The French president is blind to the contradictions of his philosophy.
29 August 2012
My late friend, the eminent development economist Peter Bauer, liked to complain that while knowledge had increased, mankinds capacity for connected thought seemed to have decreased. François Lamy, Frances new minister of urban affairs, illustrated Bauers point nicely when he visited Amiens recently, a city in whose northern suburbs the week before his visit a small but nasty riot had broken out, causing millions of dollars worth of damage. As in all such French suburbs, the youth unemployment rate there is very high. The minister said that the government would carry out one of Socialist French president François Hollandes election promises—namely to allow certain tax exemptions on companies that hired young workers from suburbs with high unemployment.
Whatever the merits of such a policy, Messrs. Hollande and Lamy clearly hope and expect that it will work. What they dont notice is that this hope and expectation drives a coach and horses through their entire social philosophy.
What in effect such a policy acknowledges is that high payroll taxes on French companies discourages them from taking on new workers. This must be because the cost of their labor is, thanks to the taxes, higher than its economic value. Only by lowering the taxes can their labor be made economically worthwhile for an employer.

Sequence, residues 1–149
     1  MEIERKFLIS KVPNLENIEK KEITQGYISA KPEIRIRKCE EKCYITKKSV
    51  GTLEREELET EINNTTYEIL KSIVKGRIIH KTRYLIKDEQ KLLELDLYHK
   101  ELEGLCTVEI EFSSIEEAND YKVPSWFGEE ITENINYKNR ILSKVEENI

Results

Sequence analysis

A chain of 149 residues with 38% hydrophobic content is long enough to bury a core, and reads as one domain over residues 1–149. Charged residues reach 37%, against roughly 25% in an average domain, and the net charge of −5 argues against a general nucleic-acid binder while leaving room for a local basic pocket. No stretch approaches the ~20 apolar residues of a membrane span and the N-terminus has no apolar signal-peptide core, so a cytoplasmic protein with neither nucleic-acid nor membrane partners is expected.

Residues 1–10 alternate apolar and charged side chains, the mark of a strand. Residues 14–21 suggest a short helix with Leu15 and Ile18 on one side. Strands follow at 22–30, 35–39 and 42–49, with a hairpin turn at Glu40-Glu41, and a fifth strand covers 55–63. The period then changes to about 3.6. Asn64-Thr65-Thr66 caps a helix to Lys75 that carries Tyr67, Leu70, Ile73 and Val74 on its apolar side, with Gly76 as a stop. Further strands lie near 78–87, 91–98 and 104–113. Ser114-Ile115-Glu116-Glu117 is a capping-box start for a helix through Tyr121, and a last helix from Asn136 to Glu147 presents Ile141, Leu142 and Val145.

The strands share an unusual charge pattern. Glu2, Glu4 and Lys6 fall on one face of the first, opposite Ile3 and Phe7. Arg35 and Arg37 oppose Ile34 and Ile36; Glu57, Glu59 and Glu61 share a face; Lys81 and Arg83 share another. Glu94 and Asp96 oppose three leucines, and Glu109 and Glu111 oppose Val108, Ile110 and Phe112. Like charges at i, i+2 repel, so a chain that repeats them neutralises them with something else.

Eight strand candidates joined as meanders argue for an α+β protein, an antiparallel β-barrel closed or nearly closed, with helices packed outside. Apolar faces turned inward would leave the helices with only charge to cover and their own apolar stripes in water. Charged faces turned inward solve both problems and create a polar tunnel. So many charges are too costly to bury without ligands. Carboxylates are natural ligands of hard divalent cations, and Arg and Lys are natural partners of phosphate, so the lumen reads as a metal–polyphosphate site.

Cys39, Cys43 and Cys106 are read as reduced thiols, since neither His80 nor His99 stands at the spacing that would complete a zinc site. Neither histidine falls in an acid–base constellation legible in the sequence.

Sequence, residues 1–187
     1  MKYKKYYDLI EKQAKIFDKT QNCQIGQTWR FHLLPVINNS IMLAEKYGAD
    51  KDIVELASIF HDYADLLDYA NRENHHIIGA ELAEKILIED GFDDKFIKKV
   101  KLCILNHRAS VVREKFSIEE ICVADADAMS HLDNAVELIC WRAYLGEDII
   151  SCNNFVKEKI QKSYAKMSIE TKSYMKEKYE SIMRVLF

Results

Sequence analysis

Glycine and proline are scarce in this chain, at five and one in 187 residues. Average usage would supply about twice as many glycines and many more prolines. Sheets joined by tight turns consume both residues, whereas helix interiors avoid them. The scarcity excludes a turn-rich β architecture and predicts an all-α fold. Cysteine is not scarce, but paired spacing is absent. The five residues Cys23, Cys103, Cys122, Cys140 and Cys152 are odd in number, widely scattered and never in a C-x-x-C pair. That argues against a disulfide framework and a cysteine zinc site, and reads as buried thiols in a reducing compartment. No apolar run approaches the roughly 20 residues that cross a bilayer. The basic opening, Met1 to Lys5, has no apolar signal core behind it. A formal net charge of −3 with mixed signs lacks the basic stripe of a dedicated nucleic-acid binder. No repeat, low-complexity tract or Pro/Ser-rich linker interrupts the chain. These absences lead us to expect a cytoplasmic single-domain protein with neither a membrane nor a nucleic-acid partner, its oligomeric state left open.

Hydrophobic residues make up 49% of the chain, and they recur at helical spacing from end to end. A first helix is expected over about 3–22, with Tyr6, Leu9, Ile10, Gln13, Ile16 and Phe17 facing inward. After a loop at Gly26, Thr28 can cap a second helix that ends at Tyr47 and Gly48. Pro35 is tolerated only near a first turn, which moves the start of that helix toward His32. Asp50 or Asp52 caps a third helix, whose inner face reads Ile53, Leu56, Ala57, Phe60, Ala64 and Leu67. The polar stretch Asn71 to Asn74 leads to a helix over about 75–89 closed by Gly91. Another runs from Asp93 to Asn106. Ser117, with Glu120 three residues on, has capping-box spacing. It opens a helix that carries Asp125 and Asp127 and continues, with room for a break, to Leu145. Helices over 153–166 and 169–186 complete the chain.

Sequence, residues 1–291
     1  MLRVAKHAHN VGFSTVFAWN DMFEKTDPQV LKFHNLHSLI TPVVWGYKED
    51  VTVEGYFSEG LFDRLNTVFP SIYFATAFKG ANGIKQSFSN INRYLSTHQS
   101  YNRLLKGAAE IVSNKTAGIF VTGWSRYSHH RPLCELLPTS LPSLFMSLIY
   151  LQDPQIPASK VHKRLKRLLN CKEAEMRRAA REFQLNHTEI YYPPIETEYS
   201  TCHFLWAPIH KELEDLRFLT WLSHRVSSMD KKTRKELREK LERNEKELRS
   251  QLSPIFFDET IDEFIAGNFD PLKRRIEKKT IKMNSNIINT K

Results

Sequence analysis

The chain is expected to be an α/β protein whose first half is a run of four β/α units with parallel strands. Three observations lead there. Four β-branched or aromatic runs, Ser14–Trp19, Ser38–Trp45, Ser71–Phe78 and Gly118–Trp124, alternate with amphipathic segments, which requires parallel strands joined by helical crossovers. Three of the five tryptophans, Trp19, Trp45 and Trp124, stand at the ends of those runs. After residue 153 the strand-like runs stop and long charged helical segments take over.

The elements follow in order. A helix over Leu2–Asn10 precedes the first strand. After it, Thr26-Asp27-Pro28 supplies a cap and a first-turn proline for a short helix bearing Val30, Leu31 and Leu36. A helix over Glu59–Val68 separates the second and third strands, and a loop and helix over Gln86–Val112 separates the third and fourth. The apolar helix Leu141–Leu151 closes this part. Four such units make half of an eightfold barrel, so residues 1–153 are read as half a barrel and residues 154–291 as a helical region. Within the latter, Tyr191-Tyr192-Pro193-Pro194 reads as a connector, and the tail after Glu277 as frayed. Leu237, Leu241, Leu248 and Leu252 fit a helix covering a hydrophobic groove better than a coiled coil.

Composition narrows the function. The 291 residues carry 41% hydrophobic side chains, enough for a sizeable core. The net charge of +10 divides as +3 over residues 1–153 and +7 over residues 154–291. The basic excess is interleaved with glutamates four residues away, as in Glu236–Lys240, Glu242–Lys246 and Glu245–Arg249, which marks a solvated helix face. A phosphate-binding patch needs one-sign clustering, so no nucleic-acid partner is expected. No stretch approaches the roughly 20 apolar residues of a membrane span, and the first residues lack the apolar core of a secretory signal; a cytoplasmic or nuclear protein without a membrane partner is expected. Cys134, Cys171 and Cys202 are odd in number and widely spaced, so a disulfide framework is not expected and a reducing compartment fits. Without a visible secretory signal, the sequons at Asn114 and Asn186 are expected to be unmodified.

Oddly enough, payroll taxes are mostly spent on social welfare, or les acquis as the French call it. Those in the workforce—the majority—benefit from social welfare, while those not in the workforce are kept in a state of permanent unemployability by it. Thus the interests of the employed and unemployed are diametrically opposed, the former, of course, being electorally much the stronger. That is why no government, of the right or the left, dares tamper too much with the system. Once erected, it is difficult to dismantle. But if the unemployed become, by economic force majeure, too numerous, more and uncontrollable riots may be expected.
President Hollande is, of course, a true believer in les acquis, and would remain so even if he realized that long-term unemployment was a natural consequence of it. He has his electorate to think of.
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